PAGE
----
Holding Ourselves Accountable


The Department of Health and Human Services published the 2nd edition of Physical Activity Guidelines for Americans in 2018, providing an excellent resource of evidence-based recommendations for individuals of all ages. These guidelines challenge preschool children, ages three through five years, to remain active for the vast majority of the day. Children who are six-years-old through seventeen-years-old need at least 60 minutes of scheduled physical activity daily.


At every single visit, we will talk about food choices and movement, as well as self-care, relationships, and lifestyle habits, such as sleep, grounding, and getting sun on your face. This is true primary care. However, conversations within a single consult offer only so much education and accountability, which is why Eden clients are not just single visits, but rather members in our wellness program. Here we can continue to engage in discussion about #wellness, strategize how to apply these principles in our lives, and really encourage one another.


The Gut Microbiome


We can't skip out on the gut microbiome and its role in obesity; I am after all, a functional medicine doctor. We know from the livestock industry that antibiotics increase body size and rate of growth. We also know that antibiotics disrupt our gut flora, which leads to dysbiosis, when then leads to inflammation, and ultimately higher incidence of obesity. We also know that those who are obese have fewer bacterial strains of Bacteroidetes and more Firmicutes.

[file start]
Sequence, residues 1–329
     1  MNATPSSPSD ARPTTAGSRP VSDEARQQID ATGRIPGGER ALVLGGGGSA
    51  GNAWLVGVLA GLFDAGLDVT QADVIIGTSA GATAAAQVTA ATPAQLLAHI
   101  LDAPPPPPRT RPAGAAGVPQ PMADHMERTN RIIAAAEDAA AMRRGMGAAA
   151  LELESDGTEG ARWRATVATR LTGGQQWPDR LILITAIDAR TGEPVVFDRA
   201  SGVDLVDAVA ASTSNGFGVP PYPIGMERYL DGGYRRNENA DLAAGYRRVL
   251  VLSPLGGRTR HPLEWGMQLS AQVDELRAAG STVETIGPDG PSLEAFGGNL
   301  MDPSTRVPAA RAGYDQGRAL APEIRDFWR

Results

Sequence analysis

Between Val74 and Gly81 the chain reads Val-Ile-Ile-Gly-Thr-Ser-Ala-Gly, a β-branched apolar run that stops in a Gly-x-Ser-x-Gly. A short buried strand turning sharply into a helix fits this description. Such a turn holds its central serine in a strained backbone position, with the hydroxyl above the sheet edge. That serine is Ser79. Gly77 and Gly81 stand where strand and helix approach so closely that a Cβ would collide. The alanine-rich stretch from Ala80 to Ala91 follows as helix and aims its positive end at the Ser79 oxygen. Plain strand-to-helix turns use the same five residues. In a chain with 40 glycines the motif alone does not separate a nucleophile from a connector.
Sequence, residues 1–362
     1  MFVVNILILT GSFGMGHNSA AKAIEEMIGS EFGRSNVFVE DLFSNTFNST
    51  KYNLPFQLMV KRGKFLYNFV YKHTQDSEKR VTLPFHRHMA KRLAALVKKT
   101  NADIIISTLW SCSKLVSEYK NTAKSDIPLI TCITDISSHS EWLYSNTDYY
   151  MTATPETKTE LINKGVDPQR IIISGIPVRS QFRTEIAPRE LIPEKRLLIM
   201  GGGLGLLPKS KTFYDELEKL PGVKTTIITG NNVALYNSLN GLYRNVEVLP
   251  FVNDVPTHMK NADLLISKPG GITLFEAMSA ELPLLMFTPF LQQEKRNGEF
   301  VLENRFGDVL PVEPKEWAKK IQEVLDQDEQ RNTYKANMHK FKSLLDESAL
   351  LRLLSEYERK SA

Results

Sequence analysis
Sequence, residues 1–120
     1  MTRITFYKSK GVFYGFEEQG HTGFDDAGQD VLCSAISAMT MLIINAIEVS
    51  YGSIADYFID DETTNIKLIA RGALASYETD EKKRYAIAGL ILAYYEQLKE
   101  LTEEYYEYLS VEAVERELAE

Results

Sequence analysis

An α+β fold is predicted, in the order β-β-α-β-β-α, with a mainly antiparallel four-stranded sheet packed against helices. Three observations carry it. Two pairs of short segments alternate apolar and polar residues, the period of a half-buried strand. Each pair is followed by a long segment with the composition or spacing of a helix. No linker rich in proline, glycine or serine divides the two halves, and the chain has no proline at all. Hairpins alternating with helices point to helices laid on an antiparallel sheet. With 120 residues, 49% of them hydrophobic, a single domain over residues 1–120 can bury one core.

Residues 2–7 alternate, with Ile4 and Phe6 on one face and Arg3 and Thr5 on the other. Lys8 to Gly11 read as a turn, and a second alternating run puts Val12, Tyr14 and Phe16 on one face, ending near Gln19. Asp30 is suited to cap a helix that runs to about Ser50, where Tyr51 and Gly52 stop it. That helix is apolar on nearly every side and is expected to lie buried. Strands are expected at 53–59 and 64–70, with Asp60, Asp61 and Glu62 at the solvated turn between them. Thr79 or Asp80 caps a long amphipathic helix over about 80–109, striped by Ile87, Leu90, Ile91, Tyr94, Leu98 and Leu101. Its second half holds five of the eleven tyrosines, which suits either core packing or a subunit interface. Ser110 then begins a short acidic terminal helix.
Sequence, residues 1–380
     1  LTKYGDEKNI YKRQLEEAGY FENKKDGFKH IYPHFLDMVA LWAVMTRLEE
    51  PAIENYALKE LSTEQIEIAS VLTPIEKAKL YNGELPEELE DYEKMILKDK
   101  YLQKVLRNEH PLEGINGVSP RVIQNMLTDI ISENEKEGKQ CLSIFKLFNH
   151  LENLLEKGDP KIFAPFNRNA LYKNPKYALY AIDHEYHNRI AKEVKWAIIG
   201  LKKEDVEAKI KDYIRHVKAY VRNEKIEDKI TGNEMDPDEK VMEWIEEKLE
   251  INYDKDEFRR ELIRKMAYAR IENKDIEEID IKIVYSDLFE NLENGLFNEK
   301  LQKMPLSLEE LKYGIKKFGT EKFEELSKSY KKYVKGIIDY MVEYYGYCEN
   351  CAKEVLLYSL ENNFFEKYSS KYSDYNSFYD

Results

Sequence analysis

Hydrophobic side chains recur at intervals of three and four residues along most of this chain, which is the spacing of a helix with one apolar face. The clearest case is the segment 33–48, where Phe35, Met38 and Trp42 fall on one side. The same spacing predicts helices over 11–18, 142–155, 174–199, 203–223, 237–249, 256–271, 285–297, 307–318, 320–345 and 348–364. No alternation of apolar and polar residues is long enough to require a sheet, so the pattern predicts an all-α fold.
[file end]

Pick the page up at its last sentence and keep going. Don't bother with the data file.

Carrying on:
In children we know that those with higher rates of Bifidobacterium in their stool as infants are more likely to be of normal weight at the age of 7 years, and we know that babies who are breastfed are 13 to 22 percent less likely to be obese at the age of 7 years, which likely relates to the gut flora established from their momma's milk. Further, we know that Staph aureus in the stools of children during infancy produces toxins that trigger inflammation, so again, this can ultimately result in obesity. The alteration of gut bacteria precedes obesity.


If you'd like to talk more about your little's ones health, connect. We'd be happy to get you established in our primary care practice.